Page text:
Actor Kevin Spacey Makes Up Churchill Quote To Demand Tax Payer $ For Arts

Posted: Apr 05, 2011 6:55 PM
I was watching this Hardball interview with Hollywood celeb, Kevin Spacey. And host, Chris Matthews had that thrill running up his leg from the outset. At the very end (seen here), Matthews asked Spacey to cite the Winston Churchill quote he shared the night before at his Kennedy Center lecture on the arts and specifically, government funding for the arts. To make a long story short, Spacey quoted Churchill as saying that Britain was fighting for the arts during WWII. This, according to Spacey, was a response to a suggestion that the British government should make cuts in art funding in order to better support the war.

[The fact that Germany was by far the most cultured and artistically sophisticated country in the world at this time did not get in the way of Spacey's fabrication.]

After hearing the so-called Churchill quote, which sounded out of place to say the least, I fact-checked it--as Mr. Spacey and Mr. Leg Thrill should have done. What source did this quote come from? Well, there is no source. Just a bunch of lefties re-quoting each other and saying it was P.M. Winston Churchill.

This reminded me of the Left's favorite made-up quote which they attribute to Thomas Jefferson, but is really uber-leftist historian Howard Zinn: "Dissent is the highest form of patriotism."  But I digress.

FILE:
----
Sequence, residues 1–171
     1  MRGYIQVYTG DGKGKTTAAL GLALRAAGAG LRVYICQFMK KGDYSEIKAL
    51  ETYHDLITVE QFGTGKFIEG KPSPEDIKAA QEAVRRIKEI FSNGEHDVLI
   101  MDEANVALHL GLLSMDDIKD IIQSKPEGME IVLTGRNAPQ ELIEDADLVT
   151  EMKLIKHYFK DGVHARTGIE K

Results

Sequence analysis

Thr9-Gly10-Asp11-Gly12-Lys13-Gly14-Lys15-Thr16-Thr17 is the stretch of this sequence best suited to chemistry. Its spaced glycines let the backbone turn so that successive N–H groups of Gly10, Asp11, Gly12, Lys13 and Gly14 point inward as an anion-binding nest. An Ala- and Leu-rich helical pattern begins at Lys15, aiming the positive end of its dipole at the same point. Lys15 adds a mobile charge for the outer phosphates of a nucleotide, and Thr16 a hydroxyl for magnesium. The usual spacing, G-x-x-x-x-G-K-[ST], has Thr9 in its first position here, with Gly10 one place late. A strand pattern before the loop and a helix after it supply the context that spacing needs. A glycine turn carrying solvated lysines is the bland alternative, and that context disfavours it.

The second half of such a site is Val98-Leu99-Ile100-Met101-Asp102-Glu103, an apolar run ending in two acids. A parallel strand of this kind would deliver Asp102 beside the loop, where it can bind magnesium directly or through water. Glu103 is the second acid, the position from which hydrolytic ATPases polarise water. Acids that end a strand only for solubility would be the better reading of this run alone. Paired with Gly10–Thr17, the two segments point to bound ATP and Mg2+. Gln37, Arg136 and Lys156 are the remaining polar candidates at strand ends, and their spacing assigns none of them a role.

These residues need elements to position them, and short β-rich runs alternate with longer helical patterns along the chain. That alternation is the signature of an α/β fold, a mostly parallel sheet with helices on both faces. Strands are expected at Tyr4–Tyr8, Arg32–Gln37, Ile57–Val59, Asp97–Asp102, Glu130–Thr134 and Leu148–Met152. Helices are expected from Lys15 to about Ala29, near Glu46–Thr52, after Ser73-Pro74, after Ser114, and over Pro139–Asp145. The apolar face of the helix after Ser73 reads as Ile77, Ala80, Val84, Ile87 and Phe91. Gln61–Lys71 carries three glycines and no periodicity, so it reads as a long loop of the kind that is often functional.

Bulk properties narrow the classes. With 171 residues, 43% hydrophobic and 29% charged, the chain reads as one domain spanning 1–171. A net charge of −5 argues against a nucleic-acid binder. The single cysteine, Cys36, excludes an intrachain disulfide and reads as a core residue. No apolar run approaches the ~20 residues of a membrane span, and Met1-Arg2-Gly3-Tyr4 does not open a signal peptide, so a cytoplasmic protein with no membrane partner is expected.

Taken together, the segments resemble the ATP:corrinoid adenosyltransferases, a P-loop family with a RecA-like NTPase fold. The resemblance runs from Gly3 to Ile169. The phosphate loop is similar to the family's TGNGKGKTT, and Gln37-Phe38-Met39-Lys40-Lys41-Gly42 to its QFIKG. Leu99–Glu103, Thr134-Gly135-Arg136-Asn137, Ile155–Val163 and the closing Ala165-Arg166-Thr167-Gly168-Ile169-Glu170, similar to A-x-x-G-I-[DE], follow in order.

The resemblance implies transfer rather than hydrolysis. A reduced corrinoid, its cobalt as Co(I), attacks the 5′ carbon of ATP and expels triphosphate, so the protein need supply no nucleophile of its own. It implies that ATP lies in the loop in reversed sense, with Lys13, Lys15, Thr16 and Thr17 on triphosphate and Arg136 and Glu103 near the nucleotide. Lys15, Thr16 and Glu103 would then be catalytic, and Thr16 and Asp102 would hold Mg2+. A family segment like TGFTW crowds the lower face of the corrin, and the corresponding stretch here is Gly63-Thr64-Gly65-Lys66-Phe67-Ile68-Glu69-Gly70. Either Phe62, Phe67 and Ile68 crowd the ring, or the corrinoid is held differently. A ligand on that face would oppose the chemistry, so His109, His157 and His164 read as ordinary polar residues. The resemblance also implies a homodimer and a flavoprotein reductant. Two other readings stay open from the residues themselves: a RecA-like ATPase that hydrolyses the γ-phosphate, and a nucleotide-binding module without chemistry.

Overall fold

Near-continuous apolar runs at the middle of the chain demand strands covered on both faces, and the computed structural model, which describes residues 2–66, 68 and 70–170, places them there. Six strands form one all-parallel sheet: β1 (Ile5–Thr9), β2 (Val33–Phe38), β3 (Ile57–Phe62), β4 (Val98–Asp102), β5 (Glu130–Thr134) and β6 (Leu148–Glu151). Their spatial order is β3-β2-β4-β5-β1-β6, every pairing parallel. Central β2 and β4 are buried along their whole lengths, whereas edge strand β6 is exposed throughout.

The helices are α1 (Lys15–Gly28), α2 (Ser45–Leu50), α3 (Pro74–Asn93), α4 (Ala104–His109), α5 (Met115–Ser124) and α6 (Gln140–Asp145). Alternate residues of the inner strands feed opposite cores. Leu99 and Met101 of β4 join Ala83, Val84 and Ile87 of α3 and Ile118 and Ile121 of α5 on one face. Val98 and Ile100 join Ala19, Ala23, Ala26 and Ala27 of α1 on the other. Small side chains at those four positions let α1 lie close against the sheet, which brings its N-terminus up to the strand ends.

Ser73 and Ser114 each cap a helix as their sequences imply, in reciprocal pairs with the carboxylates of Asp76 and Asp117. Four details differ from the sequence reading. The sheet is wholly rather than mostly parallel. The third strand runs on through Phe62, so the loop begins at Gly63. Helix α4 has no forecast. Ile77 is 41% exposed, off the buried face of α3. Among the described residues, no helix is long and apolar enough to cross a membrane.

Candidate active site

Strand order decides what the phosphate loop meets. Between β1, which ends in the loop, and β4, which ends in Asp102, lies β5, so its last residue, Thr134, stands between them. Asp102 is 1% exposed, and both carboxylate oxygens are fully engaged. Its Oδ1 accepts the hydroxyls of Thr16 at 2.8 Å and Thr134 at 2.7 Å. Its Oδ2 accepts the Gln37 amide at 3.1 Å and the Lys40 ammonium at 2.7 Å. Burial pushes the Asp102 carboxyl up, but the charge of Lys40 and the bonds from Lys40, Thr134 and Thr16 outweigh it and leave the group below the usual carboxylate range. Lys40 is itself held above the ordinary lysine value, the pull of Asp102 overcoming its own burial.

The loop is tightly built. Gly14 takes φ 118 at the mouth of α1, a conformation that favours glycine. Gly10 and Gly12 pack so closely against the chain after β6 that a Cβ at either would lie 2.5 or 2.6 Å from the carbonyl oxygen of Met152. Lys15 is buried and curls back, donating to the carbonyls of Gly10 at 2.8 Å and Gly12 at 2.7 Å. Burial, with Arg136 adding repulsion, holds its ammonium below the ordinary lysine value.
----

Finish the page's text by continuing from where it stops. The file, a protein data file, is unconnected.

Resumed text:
Anywho, Here is what Richard M. Langworth, a Churchill historian writes regarding this hub-bub:

This alleged quotation was raised a few years ago in the Village Voice and is all over the web, but it is not in any of Churchill’s 15 million speeches, papers, letters, articles or books. Sir Winston’s daughter, Lady Soames, put me on to a close approximation, recorded in the official biography, Winston S. Churchill, by Martin Gilbert, vol. 6, Finest Hour 1939-1941, page 449. Not quite what the Village Voice recorded, but in a way, apropos…

1 June 1940 Colville Diary

The second matter concerned evacuation in the event of invasion, or even before invasion. This had been raised in several forms. The Foreign Office had put forward a suggestion to prepare to evacuate the Royal Family, and also the Government, to “some part of the Overseas Empire, where the war would continue to be waged.” When [Desmond] Morton passed on this request to Churchill, the Prime Minister answered: “I believe we shall make them rue the day they try to invade our island. No such discussion can be permitted.”

At this same moment, the Director of the National Gallery, Kenneth Clark, suggested that the paintings in the National Gallery should be sent from London to Canada. Churchill was likewise against this suggestion, and emphatically so. “No,” he minuted, “bury them in caves and cellars. None must go. We are going to beat them.”

It does not matter, because being on the Left means never having to say you're sorry.